Hawks honor Hall of Famer Wilkins by unveiling statue
ATLANTA (AP) Dominique Wilkins said his statue unveiled by the Atlanta Hawks means ''we have history here now.''
The granite sculpture unveiled on Thursday, which stands 13 1/2 feet tall and weighs 18,500 pounds, captures Wilkins taking off for a dunk, holding the ball in his right hand.
NBA Commissioner Adam Silver called Wilkins ''one of the most entertaining players'' in NBA history.
''This statue stands for so much more than just your accomplishments on the court,'' Silver said. ''It's a symbol of the fabric of the community that you've become and all that you've accomplished on and off the court.''
Wilkins played for the Hawks in his first 12 NBA seasons. He also played for the Los Angeles Clippers, Boston, San Antonio and Orlando in his final four seasons but said his heart never left Atlanta.
''Nobody loves this organization more than I love it,'' Wilkins said. ''I bleed and breathe Hawks. Even when I played for other teams I felt funny, because I was a Hawk.''
The art was created by Brian Hanlon, the official sculptor of the Naismith Memorial Basketball Hall of Fame.
Current and former Hawks players, and former Atlanta coach Mike Fratello, attended the private ceremony at Philips Arena. Wilkins applauded the work of coach Mike Budenholzer for directing the Hawks to the NBA's best record.
Also attending were such NBA legends as Julius Erving, Karl Malone, Charles Barkley and Clyde Drexler and Wilkins brother, Gerald Wilkins, also a former NBA player.
''With this statue, Dominique takes his rightful place as a legend of the game,'' Drexler said.
There were also video tributes, including one from Larry Bird, who took a playful jab at Wilkins by saying ''Congratulations on that statue. I'm pretty sure it wasn't made with you in a defensive stance.''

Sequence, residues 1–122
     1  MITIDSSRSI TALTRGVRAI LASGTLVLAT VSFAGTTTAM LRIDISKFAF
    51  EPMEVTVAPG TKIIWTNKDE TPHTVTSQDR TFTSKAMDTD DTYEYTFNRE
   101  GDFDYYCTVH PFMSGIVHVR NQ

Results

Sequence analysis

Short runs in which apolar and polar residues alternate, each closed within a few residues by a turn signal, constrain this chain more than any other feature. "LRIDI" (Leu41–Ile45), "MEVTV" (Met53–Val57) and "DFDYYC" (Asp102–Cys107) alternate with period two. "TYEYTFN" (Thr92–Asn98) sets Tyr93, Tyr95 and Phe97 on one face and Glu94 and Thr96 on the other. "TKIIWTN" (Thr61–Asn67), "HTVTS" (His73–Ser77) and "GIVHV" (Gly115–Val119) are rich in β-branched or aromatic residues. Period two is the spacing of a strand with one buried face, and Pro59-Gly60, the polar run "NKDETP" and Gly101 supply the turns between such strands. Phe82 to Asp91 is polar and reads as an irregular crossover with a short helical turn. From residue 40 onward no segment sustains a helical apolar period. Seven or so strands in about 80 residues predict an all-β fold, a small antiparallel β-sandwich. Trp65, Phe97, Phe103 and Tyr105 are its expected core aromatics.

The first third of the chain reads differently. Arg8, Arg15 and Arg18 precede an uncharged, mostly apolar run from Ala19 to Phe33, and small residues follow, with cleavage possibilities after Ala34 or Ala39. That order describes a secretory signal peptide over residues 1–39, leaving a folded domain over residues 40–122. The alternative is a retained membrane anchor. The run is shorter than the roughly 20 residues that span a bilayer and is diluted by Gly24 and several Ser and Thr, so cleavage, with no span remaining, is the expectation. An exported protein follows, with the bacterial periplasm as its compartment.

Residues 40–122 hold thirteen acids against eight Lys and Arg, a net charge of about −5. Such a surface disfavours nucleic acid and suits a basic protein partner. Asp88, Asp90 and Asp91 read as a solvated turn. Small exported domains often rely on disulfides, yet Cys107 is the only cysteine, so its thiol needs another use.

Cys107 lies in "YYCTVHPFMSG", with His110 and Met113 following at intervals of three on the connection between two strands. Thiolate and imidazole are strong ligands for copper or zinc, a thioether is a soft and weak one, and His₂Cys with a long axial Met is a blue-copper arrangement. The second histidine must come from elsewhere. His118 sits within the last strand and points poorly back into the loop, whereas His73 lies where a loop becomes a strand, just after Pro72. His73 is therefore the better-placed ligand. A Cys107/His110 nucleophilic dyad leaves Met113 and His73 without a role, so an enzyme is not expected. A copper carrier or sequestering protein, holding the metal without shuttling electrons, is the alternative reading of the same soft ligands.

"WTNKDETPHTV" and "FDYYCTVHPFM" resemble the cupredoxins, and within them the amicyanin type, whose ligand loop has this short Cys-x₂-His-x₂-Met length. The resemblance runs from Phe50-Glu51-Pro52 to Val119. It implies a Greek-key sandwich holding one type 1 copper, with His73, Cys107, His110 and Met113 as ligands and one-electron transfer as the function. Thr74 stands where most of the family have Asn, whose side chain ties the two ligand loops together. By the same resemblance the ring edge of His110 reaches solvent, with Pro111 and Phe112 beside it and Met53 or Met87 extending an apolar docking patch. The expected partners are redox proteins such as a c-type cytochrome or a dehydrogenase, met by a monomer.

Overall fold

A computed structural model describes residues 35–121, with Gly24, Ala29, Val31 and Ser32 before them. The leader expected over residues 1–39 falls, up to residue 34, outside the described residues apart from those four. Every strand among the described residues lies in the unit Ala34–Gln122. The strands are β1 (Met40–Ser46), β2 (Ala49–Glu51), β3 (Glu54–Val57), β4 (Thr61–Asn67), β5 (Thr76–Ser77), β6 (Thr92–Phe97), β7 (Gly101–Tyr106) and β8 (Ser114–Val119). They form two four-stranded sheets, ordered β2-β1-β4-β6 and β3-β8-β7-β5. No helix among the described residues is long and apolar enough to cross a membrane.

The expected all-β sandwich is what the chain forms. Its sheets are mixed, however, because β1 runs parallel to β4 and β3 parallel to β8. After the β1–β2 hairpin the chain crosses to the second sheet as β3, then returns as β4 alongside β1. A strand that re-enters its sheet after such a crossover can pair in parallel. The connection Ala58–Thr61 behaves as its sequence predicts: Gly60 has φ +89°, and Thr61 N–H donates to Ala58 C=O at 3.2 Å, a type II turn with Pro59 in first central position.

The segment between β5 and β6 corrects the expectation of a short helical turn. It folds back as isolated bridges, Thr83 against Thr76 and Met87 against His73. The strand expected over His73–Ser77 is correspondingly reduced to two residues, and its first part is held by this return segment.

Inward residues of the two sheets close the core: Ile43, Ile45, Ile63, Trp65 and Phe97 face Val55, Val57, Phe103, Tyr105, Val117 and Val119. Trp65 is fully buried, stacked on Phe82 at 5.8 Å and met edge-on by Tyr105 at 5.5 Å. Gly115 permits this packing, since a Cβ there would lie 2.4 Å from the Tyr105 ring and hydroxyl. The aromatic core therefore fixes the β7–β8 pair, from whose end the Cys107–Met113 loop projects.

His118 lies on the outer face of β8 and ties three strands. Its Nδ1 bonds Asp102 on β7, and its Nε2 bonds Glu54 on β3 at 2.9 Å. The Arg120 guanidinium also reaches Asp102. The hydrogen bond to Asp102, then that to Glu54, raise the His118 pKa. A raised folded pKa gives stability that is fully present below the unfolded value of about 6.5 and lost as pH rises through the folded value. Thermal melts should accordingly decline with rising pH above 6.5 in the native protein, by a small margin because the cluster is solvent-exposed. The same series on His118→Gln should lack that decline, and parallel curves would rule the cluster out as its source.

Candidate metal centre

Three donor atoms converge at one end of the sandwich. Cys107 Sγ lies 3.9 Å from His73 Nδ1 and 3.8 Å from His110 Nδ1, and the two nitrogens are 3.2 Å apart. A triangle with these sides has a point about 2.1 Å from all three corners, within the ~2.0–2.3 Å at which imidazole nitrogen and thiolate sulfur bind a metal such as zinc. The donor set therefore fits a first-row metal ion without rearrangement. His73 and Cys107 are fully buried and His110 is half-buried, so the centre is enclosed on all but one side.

Erving said as he neared the end of his career he looked at such players as Wilkins as proof of the NBA's growth.
''I started to think is the game in better shape than it was before I got here and did I have anything to do with that, and the answer was yes,'' Erving said. ''I felt very proud that the game was in good shape and it was in the hands of guys like Dominique Wilkins.''
Wilkins spoke of the struggles of his mother, Gertrude, who raised eight children.
''I'm just so happy she's still here to see this moment,'' he said.
Wilkins' coach at the University of Georgia, Hugh Durham, also attended the ceremony.
The statue will be moved to its permanent home outside the arena before Friday night's game against Cleveland.
''The statue stands for change in this city and this franchise,'' Wilkins said. ''It stands for history.''
Wilkins, a nine-time All-Star whose nickname was ''Human Highlight Film,'' was inducted into the Naismith Memorial Basketball Hall of Fame in 2006. He is a vice president of the team and an analyst on Hawks TV broadcasts.
''Dominique Wilkins has meant so much to us,'' said Hawks chief executive officer and co-owner Steve Koonin. ''The celebration with the gift of the statue is our gift back to you.''
Atlanta mayor Kasim Reed announced a portion of a street near the arena would be renamed Dominique Wilkins Lane.
Wilkins' No. 21 has been retired by the Hawks. The only other Hawks players to have their numbers retired are Bob Pettit (9) and Lou Hudson (23).